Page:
Banjos in the orchestra of business

An edited extract from a new book on neurodiversity in the workplace

An estimated one in seven people in the UK and up to 33% of American adults are neurodivergent, yet 26% of employers said they do not name neurodiversity in their inclusion policies and procedures.

If your organisation has outward-facing messaging that you are an inclusive, supportive place for neurodivergence, people will be attracted by this positive image.

It may result in expanding your network, gaining more customers, successfully bidding for more contracts, developing a reputation for diversity and equity and, eventually, expanding your pool of talent to include neurodivergent skills and expertise on your team.

A staff team with senior managers who prioritise wellbeing and support is a more productive, focused and driven team. And a workplace that prioritises wellbeing is likely to have happier and healthier employees.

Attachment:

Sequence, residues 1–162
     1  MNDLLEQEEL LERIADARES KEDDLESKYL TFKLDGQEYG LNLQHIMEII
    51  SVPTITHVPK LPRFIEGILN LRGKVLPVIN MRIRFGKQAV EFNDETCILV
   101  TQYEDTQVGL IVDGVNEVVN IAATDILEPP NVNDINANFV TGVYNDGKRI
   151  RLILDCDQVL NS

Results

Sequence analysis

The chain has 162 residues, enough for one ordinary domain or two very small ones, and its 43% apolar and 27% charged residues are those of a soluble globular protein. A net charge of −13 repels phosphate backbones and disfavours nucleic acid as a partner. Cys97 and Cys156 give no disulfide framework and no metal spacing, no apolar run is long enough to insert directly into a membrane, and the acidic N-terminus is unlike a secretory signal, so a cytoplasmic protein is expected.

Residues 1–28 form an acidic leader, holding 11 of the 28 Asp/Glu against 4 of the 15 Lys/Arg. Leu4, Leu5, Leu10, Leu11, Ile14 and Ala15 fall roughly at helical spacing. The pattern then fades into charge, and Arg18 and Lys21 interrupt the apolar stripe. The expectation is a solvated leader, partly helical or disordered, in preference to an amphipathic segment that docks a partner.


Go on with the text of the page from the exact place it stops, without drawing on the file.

Being supported at work results in fewer days off sick and more days dedicated to developing knowledge, learning and understanding. We’ll get more done if given the tools and support to do so. And we’ll get loads done if you play to our strengths and what we can do.

Your time and commitment to learn how to create psychologically safe and brave spaces will generate a wider pool of highly skilled staff and job applicants. Your team will grow.

Most successful teams are diverse. If everyone is the same on a football team or in an orchestra, with identical skills and abilities, we a) wouldn’t win any football matches, and b) would struggle to have an orchestra full of variety, different sounds, textures and instruments. We can’t all play fiddle. Drummers are needed too and, dare I say it, banjo players. (I’m amazed I’ve managed to get a banjo joke into a book about neurodiversity.)

Teams need and thrive off difference. What employer wouldn’t want to utilise the skills and talents that all of society has to offer?

Alice Hewson is a journalist and youth worker. Read her piece for Community Living on what employers need to do to create more inclusive workplaces